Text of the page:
Sunday, April 11, 2021


Original 1985 release - the orange tint is to indicate the energy of the music 

I have been attempting to write a song, an entry for a competition, and I decided to write what I know: it is titled “Nostalgia’s Gonna Get You,” and crams in as many nostalgic references I can while still rhyming – Stephen Sondheim once said you should not leave half-rhymes in your songs, at the danger of giving your audience a fraction of a second of doubt. I also add in lines like, “if hauntology is your pathology,” and “if your kind of place is a liminal space.” For someone who has never properly attempted to write a song before, the result most definitely sounds like only I wrote it.

Naturally, the musical arrangement needed to be based in the 1980s. To that end, I used a Yamaha Reface DX, with its “LegendEP” preset evoking their DX7’s famous “Piano 1” sound, and constructed a drum track using sampled sounds from a LinnDrum machine, most famously used by Prince on the “1999” and “Purple Rain” albums – the drum line on “Let’s Go Crazy” sounds so much like a ticking clock, only a LinnDrum was going to be appropriate.


In learning how best to construct a 1980s pop sound, I found myself copying what Orson Welles did ahead of directing “Citizen Kane” – just as he watched John Ford’s film “Stagecoach” forty times, I wound constantly listening to tracks from a defining Eighties album, almost an archetype for the sound of that decade: “No Jacket Required,” by Phil Collins.


Released in 1985, “No Jacket Required” was Collins’s third solo album, but while his previous albums yielded, for me at least, one identifiable hit each – “In the Air Tonight” from 1981’s “Face Value,” and the Supremes cover “You Can’t Hurry Love” from “Hello, I Must Be Going!” (1982). His first US number 1, “Against All Odds (Take A Look At Me Now),” was made separately for a film soundtrack. 


“No Jacket Required” had three hits I knew straight away: “Sussudio,” “One More Night” and “Take Me Home,” with a fourth that was used as a B-side, “Only You Know and I Know,” becoming a firm favourite, along with “Who Said I Would,” which sounds a little like “Sussudio” in the same way that “Sussudio” sounds like Prince’s song “1999”: you can hear the influence there. Collins had deliberately made a more dance-oriented album than before, in order to take himself out of his comfort zone, something that appears not to have been repeated, except with his next album back with Genesis, “Invisible Touch”.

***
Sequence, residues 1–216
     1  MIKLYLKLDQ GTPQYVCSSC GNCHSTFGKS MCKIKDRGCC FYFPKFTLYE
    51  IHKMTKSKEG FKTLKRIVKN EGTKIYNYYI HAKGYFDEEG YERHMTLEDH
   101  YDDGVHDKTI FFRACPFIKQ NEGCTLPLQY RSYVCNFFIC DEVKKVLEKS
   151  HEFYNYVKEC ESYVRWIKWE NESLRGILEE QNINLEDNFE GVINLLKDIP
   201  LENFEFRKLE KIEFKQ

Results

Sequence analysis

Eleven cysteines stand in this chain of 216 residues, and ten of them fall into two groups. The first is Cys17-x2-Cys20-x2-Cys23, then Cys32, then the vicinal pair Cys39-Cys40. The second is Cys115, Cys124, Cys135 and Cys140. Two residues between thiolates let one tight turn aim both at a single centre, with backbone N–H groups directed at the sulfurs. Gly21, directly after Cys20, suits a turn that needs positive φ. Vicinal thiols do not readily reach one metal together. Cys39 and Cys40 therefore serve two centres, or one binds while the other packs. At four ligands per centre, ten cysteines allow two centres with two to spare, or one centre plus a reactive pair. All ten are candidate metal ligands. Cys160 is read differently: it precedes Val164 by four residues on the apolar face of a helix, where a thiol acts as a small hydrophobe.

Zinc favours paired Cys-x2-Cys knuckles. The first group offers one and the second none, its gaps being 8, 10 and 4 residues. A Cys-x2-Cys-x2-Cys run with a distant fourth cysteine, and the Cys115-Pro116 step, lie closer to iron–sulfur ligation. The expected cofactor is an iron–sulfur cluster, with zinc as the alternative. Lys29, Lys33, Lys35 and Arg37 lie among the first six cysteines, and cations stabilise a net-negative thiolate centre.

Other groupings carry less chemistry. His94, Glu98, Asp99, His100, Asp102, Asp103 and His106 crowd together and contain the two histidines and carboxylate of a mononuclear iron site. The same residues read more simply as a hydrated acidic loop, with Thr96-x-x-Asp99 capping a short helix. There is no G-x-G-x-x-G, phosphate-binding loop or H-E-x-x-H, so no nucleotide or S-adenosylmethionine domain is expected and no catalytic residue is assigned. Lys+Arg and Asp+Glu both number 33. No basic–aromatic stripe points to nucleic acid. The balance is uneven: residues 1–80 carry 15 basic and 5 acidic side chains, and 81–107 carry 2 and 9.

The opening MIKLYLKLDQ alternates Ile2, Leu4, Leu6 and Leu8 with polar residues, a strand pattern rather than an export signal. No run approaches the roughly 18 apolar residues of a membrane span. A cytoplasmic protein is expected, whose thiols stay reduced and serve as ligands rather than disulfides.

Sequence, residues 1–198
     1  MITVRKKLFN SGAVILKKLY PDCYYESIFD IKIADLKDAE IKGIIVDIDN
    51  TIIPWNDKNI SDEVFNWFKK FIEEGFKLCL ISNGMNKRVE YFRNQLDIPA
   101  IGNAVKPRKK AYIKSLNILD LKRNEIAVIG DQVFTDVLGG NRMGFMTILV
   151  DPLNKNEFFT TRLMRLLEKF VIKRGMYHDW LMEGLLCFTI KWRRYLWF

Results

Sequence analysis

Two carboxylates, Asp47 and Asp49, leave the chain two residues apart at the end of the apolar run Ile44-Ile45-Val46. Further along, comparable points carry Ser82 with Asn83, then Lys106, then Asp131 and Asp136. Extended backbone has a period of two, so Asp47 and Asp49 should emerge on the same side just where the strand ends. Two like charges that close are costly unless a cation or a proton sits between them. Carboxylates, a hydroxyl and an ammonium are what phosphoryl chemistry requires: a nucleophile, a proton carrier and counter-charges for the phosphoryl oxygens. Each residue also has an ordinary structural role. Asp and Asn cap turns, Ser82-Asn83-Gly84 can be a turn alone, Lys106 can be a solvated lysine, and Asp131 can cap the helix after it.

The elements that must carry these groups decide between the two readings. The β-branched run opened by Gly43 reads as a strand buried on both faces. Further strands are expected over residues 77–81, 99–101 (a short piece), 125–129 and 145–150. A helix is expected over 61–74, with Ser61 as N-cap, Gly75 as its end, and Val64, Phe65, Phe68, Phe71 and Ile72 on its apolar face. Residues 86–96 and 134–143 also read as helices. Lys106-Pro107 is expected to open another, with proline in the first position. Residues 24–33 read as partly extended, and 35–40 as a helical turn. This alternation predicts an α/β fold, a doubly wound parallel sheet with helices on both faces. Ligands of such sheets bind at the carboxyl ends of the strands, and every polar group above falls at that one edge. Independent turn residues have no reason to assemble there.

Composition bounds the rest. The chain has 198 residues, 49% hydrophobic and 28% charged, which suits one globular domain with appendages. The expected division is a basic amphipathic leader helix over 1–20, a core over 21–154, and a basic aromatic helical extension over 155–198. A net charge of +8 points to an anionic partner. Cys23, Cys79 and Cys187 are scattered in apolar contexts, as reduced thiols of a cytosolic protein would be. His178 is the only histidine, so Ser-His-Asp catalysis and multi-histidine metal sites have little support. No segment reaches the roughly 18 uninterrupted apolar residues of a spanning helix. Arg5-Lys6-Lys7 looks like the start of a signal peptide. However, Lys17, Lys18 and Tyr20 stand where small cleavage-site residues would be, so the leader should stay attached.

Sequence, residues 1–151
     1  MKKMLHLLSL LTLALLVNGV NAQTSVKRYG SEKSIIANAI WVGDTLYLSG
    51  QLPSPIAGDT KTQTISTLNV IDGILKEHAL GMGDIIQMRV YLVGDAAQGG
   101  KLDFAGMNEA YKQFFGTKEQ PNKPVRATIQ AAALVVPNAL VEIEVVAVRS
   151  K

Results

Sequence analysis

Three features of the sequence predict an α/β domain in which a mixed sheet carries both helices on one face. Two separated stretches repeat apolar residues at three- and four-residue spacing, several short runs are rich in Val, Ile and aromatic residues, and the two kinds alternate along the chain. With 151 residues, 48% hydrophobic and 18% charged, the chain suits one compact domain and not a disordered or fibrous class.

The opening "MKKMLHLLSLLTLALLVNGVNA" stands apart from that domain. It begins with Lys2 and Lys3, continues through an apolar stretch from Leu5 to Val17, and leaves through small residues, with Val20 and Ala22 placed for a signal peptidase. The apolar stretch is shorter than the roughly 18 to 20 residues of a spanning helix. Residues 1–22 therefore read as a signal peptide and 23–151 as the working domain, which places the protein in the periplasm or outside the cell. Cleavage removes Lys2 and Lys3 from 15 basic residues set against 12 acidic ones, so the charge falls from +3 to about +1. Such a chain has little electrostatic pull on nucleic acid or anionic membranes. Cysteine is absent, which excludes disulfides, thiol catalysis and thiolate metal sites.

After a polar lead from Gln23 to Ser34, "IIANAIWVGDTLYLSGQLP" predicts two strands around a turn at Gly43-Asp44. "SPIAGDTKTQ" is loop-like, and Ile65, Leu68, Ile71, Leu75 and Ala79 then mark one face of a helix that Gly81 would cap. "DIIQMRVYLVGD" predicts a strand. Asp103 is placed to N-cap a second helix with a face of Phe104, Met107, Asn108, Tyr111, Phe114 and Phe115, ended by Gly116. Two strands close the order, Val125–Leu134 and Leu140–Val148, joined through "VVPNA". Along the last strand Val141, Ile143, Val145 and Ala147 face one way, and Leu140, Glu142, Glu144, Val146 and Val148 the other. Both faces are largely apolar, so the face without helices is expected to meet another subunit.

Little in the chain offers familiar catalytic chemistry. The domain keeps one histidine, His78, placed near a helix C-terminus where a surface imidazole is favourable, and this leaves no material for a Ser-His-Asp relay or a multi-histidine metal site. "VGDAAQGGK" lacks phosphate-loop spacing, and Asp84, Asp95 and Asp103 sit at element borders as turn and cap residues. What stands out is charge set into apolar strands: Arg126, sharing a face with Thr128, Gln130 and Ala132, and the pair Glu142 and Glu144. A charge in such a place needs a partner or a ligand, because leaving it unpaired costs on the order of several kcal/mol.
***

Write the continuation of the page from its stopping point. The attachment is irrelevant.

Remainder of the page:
2016 reissue cover

The five songs I mentioned all use FM synth keyboards, most obviously the Yamaha DX7 used on “One More Night” and “Take Me Home,” with arpeggiators filling in the sound like a rhythm guitar would in a band, and a punchy keyboard-based bass on “Sussudio.” The fuzz of analogue synthesis is replaced by the more glass-like polish of FM synth, which changed the overall sound of pop music until the advent of General MIDI and sample-based synths at the end of the decade. Despite its distinctiveness, it immediately dates any song made using these sounds, and creating a mood and moment from which nostalgia can be drawn when used again by other artists in the future (I hope).


There are also the distinctive sounds of certain drum machines: on “One More Night,” Collins programs the Roland TR-808, whose synthesised sound is so distinctive it gave its name to a group (808 State), and an album (Kayne West’s “808s and Heartbreak,” which uses it on every track). The other songs use the more sample-based LinnDrum and Roland TR-909, the hand claps of the latter being very prominent on “Take Me Home,” this song also demonstrating Collins’ use of these machines as a basis on which to provide more intricate drum arrangements.  


Most importantly for me, the deluxe edition of “No Jacket Required” includes demo versions of “Only You Know and I Know,” “One More Night” and “Take Me Home.” Having also heard the demo of “Sussudio” elsewhere, these works-in-progress show that Phil Collins essentially improvised what is still his most successful album and, with over twenty-five million copies sold, one of the biggest-selling albums of all time. He laid the drums, switched on the arpeggiator, and poked out some chords from his DX7 – Collins’s liner notes for the album say, “I’m a lousy keyboard player, but I can make what I like to think is a ‘nice noise.’” He sings the melody for each song, but the words are not there yet, so he almost sings in tongues, with snatches of Ehglish, anything to get the melody recorded. But this is where the lyrics ultimately appeared: the line “One More Night” was improvised while listening to the rhythm of the TR-808, while the non-word “Sussudio” turned out to be a happy accident, prefaced in the completed song by “just say the word.”


It was heartening to hear how these songs turned out to be more spontaneous and personal than you think the mainstream music industry would allow. It certainly made me feel happier about my own efforts at writing a song. All I need to do now is see if I can sing a C sharp above middle C. 

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